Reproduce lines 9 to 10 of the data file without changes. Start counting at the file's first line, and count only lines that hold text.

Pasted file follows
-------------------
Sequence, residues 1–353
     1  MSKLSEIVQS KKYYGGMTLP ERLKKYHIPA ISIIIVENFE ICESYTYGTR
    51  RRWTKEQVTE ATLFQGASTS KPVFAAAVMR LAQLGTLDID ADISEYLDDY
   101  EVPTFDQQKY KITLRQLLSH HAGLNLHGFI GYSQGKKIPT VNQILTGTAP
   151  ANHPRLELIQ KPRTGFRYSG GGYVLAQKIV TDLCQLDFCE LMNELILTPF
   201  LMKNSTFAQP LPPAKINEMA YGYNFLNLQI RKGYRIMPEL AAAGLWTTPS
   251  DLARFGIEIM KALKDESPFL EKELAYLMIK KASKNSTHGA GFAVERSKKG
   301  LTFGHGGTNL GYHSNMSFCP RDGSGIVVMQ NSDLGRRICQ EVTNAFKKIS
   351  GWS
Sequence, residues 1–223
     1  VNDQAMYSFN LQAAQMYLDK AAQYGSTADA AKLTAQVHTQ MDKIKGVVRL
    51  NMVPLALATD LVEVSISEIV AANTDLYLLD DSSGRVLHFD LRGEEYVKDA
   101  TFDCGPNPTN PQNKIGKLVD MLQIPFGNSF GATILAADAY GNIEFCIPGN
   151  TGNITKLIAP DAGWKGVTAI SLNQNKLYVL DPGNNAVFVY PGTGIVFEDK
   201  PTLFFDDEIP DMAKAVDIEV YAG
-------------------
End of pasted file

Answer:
   351  GWS
Sequence, residues 1–223